One of the most difficult parts of growing older is determining when the time is right to give up driving. For many people, driving is synonymous with independence, so most won’t give it up willingly.
Before deciding that an older person shouldn’t drive, there are a few steps you can take to reassure you that this is the right thing to do.
The first step is to have a thorough exam done by a doctor to ensure that they are physically capable of driving. Vision and hearing tests are critical components of this.
If health and reactions are good enough to drive, there are also other ways to increase safety.
Older adults can take a refresher course offered by AARP, AAA or the National Safety Council. Seniors may also want to avoid driving at night, stay out of heavily trafficked and unfamiliar areas and limit driving to days with good weather.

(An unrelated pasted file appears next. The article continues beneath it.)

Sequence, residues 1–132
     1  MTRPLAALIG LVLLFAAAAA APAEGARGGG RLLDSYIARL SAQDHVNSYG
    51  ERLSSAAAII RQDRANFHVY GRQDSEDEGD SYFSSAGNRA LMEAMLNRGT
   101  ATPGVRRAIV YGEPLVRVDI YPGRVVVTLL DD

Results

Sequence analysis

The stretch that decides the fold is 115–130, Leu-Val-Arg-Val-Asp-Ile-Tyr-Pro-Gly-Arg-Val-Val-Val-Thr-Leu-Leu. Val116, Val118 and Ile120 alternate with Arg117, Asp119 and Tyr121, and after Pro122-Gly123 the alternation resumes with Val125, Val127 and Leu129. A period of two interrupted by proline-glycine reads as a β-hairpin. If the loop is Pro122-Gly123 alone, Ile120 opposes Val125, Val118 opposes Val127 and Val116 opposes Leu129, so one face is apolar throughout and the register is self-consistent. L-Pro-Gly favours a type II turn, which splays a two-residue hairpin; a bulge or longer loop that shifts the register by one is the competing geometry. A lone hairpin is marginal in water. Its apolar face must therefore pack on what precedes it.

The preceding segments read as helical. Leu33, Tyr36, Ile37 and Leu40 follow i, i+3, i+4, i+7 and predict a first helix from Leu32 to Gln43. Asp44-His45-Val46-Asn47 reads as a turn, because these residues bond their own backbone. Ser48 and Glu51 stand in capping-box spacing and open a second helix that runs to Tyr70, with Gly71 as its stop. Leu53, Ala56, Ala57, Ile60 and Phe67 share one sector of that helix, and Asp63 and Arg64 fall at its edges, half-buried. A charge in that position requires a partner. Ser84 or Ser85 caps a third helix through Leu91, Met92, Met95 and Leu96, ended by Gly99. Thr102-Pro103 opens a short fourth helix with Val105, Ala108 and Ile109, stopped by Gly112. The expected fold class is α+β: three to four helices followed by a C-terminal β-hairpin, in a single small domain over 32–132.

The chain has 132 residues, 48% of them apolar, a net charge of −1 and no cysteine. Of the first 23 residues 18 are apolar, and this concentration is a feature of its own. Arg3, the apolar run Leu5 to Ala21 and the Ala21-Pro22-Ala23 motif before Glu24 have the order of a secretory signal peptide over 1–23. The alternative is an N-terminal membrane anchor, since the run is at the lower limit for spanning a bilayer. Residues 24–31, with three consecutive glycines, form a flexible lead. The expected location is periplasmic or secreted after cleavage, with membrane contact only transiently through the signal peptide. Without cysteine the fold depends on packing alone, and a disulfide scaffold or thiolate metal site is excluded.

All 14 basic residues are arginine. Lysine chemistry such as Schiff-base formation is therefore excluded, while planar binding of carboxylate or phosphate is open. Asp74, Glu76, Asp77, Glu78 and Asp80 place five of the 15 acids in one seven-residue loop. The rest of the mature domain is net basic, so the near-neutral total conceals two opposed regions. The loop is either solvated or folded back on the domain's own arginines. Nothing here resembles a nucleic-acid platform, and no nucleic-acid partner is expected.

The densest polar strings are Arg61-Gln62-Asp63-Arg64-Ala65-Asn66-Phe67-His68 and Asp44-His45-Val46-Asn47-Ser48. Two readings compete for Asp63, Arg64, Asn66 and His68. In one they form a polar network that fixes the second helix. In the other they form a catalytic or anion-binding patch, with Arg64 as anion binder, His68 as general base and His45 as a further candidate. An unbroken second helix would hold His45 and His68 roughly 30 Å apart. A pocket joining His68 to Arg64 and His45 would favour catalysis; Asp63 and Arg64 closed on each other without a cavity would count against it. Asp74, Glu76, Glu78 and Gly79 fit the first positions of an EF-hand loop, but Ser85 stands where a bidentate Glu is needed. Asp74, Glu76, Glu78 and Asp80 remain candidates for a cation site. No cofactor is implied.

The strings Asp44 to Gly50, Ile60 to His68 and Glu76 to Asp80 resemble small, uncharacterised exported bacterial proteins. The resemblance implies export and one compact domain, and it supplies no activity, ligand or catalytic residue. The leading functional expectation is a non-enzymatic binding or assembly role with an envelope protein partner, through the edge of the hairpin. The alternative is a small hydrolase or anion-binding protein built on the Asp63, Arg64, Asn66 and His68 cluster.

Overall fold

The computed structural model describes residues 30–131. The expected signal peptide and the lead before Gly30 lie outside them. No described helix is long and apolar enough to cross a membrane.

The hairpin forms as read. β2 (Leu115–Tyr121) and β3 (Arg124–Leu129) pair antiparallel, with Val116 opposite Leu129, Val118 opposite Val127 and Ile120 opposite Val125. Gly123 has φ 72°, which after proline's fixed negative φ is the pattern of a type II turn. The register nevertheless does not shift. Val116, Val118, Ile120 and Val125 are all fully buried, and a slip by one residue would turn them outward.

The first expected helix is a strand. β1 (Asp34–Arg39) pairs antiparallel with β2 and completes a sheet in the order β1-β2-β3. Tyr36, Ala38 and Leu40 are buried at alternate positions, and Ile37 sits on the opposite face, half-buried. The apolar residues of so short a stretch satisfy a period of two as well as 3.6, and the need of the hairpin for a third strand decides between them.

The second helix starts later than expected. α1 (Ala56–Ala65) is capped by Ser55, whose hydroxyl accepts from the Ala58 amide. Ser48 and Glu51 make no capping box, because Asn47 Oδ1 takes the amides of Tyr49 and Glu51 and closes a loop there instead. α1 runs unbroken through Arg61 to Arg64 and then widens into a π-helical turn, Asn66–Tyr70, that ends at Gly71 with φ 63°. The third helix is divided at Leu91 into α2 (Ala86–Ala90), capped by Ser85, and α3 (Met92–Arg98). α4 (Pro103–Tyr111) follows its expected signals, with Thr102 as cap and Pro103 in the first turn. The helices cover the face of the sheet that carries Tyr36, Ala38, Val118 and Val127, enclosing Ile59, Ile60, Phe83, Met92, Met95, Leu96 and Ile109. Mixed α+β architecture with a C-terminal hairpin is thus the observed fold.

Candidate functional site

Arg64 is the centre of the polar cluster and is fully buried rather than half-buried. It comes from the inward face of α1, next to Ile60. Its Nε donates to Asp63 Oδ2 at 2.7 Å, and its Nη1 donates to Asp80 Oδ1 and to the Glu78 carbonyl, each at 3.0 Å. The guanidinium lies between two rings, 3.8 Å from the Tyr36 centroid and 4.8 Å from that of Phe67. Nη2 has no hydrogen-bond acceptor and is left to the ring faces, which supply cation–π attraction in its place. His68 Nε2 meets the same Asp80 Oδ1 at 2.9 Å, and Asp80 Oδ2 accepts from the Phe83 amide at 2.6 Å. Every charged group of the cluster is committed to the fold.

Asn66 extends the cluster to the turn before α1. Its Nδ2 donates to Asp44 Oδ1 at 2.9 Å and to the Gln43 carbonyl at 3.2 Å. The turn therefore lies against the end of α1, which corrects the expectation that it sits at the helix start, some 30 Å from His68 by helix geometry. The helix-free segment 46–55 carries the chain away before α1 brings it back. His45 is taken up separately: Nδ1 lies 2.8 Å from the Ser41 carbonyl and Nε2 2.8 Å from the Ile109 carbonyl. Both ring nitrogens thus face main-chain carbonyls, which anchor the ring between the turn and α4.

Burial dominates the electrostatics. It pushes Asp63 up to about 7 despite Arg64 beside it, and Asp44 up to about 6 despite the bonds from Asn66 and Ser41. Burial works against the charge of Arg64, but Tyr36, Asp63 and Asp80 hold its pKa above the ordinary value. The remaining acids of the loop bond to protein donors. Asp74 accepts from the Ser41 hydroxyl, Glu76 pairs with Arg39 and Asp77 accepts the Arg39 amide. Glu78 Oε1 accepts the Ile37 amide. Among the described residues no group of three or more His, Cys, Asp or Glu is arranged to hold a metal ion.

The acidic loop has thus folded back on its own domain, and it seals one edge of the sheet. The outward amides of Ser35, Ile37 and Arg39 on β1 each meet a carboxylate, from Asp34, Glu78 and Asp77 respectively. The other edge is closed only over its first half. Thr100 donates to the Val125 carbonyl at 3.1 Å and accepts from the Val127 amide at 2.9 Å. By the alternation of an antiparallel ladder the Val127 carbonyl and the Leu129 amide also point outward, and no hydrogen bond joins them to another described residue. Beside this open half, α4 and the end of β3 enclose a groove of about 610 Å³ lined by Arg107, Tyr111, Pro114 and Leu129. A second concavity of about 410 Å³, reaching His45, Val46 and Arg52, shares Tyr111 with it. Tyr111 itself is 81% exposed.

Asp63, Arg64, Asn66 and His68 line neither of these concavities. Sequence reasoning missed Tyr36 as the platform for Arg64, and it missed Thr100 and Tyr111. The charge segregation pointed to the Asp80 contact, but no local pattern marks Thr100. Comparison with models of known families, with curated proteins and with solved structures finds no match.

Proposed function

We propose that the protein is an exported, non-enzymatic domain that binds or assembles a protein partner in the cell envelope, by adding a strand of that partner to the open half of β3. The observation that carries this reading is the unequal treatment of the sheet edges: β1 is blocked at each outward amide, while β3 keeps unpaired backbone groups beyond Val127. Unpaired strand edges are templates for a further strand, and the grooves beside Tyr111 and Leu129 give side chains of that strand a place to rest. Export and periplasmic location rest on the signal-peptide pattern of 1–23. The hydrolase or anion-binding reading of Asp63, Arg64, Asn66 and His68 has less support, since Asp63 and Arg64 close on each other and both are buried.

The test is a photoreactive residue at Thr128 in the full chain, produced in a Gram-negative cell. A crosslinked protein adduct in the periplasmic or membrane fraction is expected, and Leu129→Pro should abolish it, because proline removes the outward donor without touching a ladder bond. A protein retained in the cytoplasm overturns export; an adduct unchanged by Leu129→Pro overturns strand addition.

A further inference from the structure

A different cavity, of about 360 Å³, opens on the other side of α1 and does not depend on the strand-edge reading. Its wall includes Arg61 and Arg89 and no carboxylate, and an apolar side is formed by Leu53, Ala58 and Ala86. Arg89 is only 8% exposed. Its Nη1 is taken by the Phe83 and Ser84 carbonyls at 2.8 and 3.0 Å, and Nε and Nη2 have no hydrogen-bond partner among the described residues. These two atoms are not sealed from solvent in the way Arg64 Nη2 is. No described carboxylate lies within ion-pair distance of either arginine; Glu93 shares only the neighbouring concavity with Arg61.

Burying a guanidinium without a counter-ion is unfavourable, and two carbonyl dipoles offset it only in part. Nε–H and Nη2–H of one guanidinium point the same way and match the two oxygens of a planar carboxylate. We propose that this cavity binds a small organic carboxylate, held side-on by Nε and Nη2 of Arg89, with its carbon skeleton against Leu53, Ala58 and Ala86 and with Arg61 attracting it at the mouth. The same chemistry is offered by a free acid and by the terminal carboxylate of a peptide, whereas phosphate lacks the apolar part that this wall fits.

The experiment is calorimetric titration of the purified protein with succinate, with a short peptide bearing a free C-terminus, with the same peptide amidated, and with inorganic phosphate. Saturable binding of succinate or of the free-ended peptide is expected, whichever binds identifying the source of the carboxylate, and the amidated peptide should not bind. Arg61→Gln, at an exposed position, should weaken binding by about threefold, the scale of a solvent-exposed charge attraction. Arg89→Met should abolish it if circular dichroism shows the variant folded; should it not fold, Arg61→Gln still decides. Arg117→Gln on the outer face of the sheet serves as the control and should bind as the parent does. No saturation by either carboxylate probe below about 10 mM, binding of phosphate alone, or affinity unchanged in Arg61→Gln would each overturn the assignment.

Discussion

If all of these are employed and the individual is not able to drive safely, do your best to put a plan into place to provide the necessary transportation. Perhaps family members and friends can help. Many communities also have very good elder transport services.
As a last resort, if an older adult is found to be unsafe to drive and still refuses to give up his or her license, family or a designated responsible party can ask their physician to write a prescription NOT to drive. This prescription is sent to state license bureaus.